More funding to FDA will not solve all of these problems. Actually, the private companies who audit the same firms as the FDA have more control, better audits, and improved results of safety and are structured in a way to BENEFIT private industry while maintaining safety. It is funny, manufacturing firms care more about private industry audit results and ratings then when the FDA comes in (well that is unless the FDA investigator that day is feeling like doing their job or being a jerk). We really don’t even need the FDA for much!

    The FDA has terrible control over our food, drugs, devices and cosmetics. Further, and of most concern, should be their concerning lack of control over imported products. I believe in reducing FDA funding, especially considering our nation’s economic situation, immediately.

  9. Industry has to have manufacturing processes that are properly designed for the chemistry. Today it has chemistry that is fitted in the available equipment. This causes quality issues and prevents companies to practice “good manufacturing practices” in earnest. Right equipment and chemistry will lower costs and improve their profitability. Industry has not done that as consumer pays for their inefficiencies. Right processes will reduce the regulatory load.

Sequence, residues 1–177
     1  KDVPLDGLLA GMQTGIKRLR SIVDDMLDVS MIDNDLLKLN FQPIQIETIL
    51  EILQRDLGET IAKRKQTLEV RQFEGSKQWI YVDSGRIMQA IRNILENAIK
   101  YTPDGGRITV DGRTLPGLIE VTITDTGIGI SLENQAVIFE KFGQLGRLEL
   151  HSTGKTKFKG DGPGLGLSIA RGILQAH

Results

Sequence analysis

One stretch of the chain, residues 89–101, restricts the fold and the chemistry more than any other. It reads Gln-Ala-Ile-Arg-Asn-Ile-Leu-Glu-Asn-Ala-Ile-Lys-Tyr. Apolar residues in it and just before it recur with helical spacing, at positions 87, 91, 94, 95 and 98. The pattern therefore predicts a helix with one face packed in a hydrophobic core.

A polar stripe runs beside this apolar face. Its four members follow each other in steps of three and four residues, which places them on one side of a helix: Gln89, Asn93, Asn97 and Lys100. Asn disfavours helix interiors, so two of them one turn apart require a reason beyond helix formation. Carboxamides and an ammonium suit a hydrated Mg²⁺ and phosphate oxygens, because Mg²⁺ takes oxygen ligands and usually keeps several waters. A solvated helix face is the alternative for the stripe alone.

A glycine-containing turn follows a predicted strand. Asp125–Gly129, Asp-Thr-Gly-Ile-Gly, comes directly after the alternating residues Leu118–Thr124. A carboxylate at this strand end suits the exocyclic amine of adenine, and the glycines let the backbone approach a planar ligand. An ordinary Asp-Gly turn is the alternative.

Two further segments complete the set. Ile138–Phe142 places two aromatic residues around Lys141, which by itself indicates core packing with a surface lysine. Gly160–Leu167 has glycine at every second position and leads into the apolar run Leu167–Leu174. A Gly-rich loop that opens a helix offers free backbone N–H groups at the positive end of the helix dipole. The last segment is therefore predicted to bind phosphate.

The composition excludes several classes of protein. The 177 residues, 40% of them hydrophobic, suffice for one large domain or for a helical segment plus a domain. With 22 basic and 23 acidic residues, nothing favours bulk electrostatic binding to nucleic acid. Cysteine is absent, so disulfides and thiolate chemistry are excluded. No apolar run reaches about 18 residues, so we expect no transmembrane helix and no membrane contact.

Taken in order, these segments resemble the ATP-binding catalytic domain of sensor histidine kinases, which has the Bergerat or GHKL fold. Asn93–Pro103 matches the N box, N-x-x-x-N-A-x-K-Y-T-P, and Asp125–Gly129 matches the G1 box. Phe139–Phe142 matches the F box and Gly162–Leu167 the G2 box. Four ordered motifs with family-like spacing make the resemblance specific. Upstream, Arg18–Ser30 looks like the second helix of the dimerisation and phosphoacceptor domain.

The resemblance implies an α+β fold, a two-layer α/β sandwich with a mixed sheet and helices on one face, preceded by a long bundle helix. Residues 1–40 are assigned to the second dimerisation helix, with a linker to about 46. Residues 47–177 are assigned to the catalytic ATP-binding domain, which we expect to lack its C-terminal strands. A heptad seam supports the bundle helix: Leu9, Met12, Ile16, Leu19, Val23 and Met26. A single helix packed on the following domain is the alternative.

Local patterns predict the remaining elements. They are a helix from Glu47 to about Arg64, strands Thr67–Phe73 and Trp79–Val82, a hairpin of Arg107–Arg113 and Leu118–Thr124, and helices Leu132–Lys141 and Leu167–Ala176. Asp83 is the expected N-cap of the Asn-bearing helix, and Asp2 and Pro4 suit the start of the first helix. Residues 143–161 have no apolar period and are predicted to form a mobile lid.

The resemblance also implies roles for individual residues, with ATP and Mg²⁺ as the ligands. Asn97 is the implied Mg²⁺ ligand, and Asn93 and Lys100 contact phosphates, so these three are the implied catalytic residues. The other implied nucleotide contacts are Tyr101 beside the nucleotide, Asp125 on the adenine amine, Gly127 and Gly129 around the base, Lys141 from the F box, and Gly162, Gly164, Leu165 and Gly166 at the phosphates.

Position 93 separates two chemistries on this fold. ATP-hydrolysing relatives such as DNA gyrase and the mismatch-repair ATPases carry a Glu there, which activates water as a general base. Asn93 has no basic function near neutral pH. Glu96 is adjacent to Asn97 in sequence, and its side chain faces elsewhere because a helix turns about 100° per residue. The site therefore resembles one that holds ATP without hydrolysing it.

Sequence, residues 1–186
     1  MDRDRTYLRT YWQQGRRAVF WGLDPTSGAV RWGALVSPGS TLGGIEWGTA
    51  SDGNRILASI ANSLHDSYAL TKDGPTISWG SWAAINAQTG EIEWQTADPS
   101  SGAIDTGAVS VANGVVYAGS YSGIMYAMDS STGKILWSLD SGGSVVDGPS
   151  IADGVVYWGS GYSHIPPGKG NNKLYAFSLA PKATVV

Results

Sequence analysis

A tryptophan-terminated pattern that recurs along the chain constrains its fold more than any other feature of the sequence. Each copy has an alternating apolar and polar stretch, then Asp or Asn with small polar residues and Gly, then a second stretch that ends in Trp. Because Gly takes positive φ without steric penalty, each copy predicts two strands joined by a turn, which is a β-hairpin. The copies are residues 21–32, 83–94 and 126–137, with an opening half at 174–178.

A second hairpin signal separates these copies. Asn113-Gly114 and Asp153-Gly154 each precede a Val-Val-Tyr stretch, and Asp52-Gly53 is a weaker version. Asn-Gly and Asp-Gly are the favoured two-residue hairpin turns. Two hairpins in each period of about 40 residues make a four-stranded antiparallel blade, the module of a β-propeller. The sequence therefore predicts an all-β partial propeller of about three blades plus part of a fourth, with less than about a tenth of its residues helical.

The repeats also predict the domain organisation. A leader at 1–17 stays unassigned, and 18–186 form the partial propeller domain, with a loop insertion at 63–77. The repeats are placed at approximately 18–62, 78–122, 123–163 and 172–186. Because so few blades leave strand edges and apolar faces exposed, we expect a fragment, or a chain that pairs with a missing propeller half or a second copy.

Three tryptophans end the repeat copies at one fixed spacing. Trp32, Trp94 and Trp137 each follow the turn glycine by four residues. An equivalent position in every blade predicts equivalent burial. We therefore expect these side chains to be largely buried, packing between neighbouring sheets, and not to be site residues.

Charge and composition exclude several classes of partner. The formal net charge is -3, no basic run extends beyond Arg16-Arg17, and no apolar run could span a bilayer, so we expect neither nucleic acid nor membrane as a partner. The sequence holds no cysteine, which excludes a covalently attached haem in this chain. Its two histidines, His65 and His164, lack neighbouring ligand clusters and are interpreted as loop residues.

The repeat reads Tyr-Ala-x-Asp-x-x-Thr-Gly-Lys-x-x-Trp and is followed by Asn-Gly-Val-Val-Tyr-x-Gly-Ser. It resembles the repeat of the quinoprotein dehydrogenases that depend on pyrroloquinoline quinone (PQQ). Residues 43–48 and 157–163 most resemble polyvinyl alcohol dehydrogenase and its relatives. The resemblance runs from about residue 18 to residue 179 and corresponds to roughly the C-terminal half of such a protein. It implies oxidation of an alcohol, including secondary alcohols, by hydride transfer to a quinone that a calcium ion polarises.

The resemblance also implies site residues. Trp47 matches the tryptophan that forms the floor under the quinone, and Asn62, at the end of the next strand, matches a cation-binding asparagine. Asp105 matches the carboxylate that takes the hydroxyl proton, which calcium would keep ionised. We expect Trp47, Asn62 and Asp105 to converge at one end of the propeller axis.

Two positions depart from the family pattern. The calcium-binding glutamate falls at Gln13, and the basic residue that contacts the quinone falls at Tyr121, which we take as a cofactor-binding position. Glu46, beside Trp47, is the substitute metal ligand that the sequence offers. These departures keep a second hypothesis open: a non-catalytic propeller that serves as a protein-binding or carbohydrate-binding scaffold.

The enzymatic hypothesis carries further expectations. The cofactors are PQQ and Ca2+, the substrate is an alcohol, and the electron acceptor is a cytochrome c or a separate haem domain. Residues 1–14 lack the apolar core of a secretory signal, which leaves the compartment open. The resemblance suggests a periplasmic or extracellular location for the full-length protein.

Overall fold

Yes industry can do lot more on its own at no extra cost.

  10. A. L. says:

    I agree with many of Sally’s comments. A s a former FDA employee, I have also seen the mismanagement of funds, inefficiency of processes, favoritism and redundancy. There is no accountability and very unfair practices. Increasing funding would promote these practices even more. Instead, FDA must improve its quality systems and management practices and processes, the same ones that FDA investigators are charged to evaluate when they conduct inspections. You have to walk the talk not just talk. The management style is also very much like conquering by dividing. Anyone who comes from industry does not stay long unless they are close to retirement.